Media releaseFrom: CSIRO
Date: Thursday 2 April
Start Time: 09:00am AEDT
Duration: Approx 45 min
- Dr Rob Grenfell, Director Health and Biosecurity, CSIRO
- Professor Trevor Drew, Director, Australian Animal Health Laboratory, CSIRO
This webcast briefing will include the speakers on video which TV/broadcast may wish to use as interview footage. A recording of the event will also be made available.
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CSIRO BEGINS TESTING COVID-19 VACCINES
CSIRO, Australia’s national science agency, has commenced the first stage of testing potential vaccines for COVID-19. The testing, expected to take three months, is underway at CSIRO’s high-containment biosecurity facility, the Australian Animal Health Laboratory (AAHL) in Geelong.
To prepare for disease outbreaks, last year CSIRO partnered with the Coalition for Epidemic Preparedness Innovations (CEPI), a global group that aims to derail epidemics by speeding up the development of vaccines.
In January, CEPI engaged CSIRO to start working on the virus SARS CoV-2, which causes the disease COVID-19. In consultation with the World Health Organisation, CEPI has identified vaccine candidates from The University of Oxford (UK) and Inovio Pharmaceuticals Inc. (US) to undergo the first pre-clinical trials at CSIRO, with further candidates likely to follow.
The latest milestone builds on CSIRO’s growing work to tackle COVID-19, which has included scaling up other potential vaccine candidates at its biologics production facility in Melbourne.
CSIRO Chief Executive, Dr Larry Marshall said, “Beginning vaccine candidate testing at CSIRO is a critical milestone in the fight against COVID-19, made possible by collaboration both within Australia and across the globe.”
“CSIRO researchers are working around-the-clock to combat this disease which is affecting so many – whether it’s at the Australian Animal Health Laboratory (AAHL) or at our state-of-the-art biologics manufacturing facility – we will keep working until this viral enemy is defeated,” Dr Marshall said.
CSIRO is testing the COVID-19 vaccine candidates for effectiveness, but also evaluating the best way to give the vaccine for better protection, including an intra-muscular injection and innovative approaches like a nasal spray.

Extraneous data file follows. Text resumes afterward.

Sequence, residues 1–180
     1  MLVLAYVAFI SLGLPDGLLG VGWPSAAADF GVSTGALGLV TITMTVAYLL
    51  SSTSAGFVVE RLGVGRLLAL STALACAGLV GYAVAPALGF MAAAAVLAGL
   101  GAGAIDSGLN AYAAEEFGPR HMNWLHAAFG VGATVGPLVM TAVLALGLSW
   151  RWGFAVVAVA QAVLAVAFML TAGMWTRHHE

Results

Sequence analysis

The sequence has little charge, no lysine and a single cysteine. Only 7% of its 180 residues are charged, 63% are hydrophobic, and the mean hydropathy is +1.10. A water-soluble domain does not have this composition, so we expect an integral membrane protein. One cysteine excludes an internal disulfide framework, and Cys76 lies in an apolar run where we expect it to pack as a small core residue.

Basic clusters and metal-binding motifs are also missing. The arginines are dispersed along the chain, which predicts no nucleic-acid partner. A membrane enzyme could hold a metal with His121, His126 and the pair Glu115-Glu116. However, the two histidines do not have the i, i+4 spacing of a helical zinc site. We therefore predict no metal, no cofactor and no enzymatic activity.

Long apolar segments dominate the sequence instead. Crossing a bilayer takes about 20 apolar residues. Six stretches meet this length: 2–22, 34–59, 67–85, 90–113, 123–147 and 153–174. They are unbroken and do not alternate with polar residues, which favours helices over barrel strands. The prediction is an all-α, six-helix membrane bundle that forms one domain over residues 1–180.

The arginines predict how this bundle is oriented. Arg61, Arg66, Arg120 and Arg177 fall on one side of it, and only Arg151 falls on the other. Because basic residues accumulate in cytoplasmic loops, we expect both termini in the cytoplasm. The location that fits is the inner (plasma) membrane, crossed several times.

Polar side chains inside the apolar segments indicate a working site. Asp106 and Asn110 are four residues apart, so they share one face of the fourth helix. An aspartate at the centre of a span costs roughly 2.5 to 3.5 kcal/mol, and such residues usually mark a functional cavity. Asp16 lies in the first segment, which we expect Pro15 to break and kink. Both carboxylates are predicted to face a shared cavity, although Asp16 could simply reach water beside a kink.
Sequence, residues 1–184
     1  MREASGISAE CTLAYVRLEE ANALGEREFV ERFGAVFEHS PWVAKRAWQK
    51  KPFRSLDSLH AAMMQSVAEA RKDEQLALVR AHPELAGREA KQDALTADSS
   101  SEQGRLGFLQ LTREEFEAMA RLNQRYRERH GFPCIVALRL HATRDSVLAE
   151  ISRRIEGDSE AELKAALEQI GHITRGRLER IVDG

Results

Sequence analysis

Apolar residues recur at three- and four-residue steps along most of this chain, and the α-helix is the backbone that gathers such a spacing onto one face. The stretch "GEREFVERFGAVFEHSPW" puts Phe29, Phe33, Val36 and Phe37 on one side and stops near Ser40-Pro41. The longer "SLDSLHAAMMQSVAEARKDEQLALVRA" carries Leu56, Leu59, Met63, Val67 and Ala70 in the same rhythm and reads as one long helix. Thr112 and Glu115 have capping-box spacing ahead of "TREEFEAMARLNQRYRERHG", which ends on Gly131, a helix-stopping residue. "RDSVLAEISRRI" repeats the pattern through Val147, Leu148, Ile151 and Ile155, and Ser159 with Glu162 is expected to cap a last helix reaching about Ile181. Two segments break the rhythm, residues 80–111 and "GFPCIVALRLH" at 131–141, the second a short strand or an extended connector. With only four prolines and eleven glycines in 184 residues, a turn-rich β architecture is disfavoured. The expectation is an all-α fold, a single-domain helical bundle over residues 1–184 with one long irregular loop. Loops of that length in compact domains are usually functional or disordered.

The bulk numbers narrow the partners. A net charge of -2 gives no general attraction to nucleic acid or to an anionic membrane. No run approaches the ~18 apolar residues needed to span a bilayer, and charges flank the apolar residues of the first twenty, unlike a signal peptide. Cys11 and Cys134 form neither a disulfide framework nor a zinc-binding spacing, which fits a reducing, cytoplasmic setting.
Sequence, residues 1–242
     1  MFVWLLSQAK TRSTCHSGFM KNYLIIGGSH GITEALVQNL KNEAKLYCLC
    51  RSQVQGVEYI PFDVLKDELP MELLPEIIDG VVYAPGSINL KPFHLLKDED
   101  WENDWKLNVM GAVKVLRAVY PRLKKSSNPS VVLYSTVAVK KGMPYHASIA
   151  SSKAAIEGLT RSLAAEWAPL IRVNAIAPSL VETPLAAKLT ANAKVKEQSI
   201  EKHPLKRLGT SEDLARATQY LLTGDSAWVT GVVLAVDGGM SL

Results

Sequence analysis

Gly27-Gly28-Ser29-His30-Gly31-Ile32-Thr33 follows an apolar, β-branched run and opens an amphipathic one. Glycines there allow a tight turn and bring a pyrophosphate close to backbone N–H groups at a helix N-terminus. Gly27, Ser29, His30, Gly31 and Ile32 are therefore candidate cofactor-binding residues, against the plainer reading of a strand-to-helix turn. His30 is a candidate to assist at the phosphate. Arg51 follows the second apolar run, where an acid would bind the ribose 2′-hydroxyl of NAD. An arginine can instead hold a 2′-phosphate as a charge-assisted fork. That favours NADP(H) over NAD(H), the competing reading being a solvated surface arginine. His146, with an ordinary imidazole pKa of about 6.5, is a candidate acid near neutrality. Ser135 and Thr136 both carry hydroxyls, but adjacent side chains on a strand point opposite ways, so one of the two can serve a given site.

Professor Trevor Drew OBE, is Director of AAHL and leading CSIRO’s COVID-19 virus and vaccine work.
“We have been studying SARS CoV-2 since January and getting ready to test the first vaccine candidates as soon as they are available. We are carefully balancing operating at speed with the critical need for safety in response to this global public health emergency.” Professor Drew said.
CSIRO has a long history of developing and testing vaccines since the opening of the AAHL in 1985. It is the only high biocontainment facility in the southern hemisphere working with highly dangerous and exotic pathogens, including diseases that transfer from animals to people.
“Tackling disease and supporting better health outcomes takes a one-health approach,” Dr Marshall said.
“In 2016 CSIRO created the Health and Biosecurity research group who work with our scientists at AAHL to tackle our national and international health and biosecurity challenges together, so we can better protect the health of our people, environment, agriculture and industries and our way of life.
“This, combined with our data science and manufacturing capability in our biological production facility, means we were well prepared to help Australia in One Health with disease identification, prevention and management, to deliver the real world solutions that our nation expects from science,” Dr Marshall said.
CSIRO’s COVID-19 research so far
Current rapid work on COVID-19 spans virus and vaccine:
· CSIRO was the first research organisation outside of China to generate sufficient stock of the virus —using the virus strain isolated by the Doherty Institute — to enable pre-clinical studies and research on COVID-19.
· CSIRO successfully established a biological model in March 2020, the first in the world to confirm ferrets react to SARS-CoV-2 (the virus that causes COVID-19). Researchers have quickly progressed to studying the course of infection in the animals – a crucial step in understanding if a vaccine will work.
· CSIRO researchers confirmed, after studying SARS CoV-2’s genomic sequence that the virus is presently changing into a number of distinct ‘clusters’ and are now starting to look at how this may also impact on the development of a vaccine.
For more information on CSIRO’s COVID-19 work, visit: www.csiro.au/COVID-19
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